For this week’s inscription post based on our CREWS display at the Fitzwilliam Museum, we’re going to be revisiting ancient Cyprus – this time in a much earlier period than we discussed for the Idalion Bilingual. This little item might look unassuming (it’s only a couple of centimetres in diameter, don’t be fooled by the photo!), but it is very important for trying to understand the earlier development of writing on Cyprus.
Image courtesy of the Trustees of the British Museum.
The item in question is a small ball made of clay, with writing in what we call the “Cypro-Minoan” script around the outside, which is on loan to us from the British Museum. It was found at the Cypriot site of Hala Sultan Tekke, in the island’s south-east.
The ball was was a surface find at the site, and we do not have enough contextual information to date it very securely. By comparing it with other inscribed items of the same type, however, we can assign it to the Late Bronze Age, probably the 13th or 12th century BC. It was found near some quite high status objects, including gold beads, a fragmentary silver ring, an ivory disc and a Mycenaean piriform vase. (The vase to the left is a Mycenaean piriform vase from Hala Sultan Tekke, of similarly uncertain find spot, but I haven’t managed to ascertain whether it is the one in question; image courtesy of the Trustees of the British Museum.)
There is a mystery at the heart of this post, because we do not really know what the little clay balls were used for. This one is not alone – the number of surviving inscribed clay balls is getting close to 100, meaning that, of all writing attested in Late Bronze Age Cyprus (i.e. between the 16th and 11th centuries BC), this the most numerous inscription type – clay balls account for about a third of surviving texts.
There are several theories about what the clay balls might have been used for (ball game? fortune-telling devices? identity cards?) but we simply do not have enough information to allow us to answer the question definitively. My best guess is that the objects are in some sense ‘administrative’, i.e. that they have some relationship with the literate control of resources within Late Bronze Age Cypriot society – as small documents made of clay, they look inkeeping with, if not identical to, some of the sorts of objects that could play such a role in nearby areas like the Aegean, Anatolia, the Levant and Mesopotamia.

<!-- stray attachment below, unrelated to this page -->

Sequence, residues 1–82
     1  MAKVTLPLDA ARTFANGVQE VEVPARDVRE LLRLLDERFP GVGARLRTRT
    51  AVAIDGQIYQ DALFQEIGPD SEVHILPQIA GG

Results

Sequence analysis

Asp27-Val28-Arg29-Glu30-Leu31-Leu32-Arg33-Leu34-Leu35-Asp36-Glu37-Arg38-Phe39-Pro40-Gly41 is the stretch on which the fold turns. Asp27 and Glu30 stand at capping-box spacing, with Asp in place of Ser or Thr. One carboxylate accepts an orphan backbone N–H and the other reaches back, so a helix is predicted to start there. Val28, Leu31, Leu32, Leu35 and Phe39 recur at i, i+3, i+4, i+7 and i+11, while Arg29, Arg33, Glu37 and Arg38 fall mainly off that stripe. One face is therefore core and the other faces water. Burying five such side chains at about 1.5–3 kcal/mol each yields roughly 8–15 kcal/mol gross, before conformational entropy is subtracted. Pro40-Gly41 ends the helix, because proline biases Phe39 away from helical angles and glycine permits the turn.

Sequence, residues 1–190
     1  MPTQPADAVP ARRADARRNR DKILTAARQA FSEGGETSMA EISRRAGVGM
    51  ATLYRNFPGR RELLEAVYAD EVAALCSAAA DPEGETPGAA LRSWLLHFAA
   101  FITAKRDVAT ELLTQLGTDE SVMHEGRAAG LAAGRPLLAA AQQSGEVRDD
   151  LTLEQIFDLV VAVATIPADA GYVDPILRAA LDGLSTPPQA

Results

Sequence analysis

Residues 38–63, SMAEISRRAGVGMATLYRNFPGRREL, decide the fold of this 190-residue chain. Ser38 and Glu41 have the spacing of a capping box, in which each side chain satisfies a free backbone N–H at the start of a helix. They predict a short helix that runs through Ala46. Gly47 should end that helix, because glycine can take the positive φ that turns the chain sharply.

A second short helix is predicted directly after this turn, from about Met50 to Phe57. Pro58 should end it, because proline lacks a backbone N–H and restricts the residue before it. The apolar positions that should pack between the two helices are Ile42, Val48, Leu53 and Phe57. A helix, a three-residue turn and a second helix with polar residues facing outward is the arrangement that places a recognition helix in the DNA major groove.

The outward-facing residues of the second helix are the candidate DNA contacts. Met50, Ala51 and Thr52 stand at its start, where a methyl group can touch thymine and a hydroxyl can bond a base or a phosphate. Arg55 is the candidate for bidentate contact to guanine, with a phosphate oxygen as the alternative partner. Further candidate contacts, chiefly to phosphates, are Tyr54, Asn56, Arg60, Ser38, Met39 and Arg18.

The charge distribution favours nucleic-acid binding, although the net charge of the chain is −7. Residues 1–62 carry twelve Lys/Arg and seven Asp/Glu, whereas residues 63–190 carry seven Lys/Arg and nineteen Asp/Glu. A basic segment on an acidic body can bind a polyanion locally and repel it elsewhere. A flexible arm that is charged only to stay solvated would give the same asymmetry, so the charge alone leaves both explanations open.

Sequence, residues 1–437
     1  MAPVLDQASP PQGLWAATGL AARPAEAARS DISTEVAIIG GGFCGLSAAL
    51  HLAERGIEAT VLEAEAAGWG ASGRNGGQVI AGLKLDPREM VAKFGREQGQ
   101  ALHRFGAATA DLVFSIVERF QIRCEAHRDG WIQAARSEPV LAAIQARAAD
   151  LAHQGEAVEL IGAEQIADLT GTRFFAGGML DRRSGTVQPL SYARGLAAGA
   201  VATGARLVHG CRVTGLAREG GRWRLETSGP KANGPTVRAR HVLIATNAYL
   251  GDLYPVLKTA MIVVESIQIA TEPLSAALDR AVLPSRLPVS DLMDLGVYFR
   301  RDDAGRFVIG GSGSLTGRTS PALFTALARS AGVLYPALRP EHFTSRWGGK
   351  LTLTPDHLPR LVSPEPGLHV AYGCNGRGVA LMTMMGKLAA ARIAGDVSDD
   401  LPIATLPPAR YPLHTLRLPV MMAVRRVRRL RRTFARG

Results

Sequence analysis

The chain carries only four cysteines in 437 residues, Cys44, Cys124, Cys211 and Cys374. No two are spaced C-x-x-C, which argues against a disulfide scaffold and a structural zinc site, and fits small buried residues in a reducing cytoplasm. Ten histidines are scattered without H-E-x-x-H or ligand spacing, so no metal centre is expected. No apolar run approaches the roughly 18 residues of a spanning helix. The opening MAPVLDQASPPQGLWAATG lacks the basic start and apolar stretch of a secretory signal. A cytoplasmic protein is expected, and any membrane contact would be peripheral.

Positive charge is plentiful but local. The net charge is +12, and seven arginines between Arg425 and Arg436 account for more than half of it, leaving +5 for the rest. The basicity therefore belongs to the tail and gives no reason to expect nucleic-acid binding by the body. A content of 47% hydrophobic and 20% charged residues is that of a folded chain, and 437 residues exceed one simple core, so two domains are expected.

I have actually written about the issues surrounding these unusual inscriptions before (for the British Academy Review in 2014), so rather than repeating everything, I will send you to that article if you are interested in hearing more about how we can try to reconstruct the clay balls’ usage. Click here: The mystery of ancient Cypriot clay balls (when you get to the page, look for a link in the top right corner to download the PDF).
Instead, I want to use today’s blog post to talk a bit more about how writing developed, and why we included the clay ball in our display on ancient writing.
The first known writing in Cyprus dates from the beginning of the Late Bronze Age (around the 16th century BC). The writing system that appears at this time evidently is closely related to Linear A, a syllabic script that had been used in the Aegean (predominantly Crete) since the early 2nd millennium BC. So Cyprus seems to have ‘borrowed’ writing in some sense from an earlier tradition of literacy to the west. This probably has a lot to do with some dramatic developments in Cyprus’s economy at this time, as industrial and mercantile progress led to a situation where it became important to monitor and control valuable commodities. (Cyprus is most famous for copper, with which it shares its name.)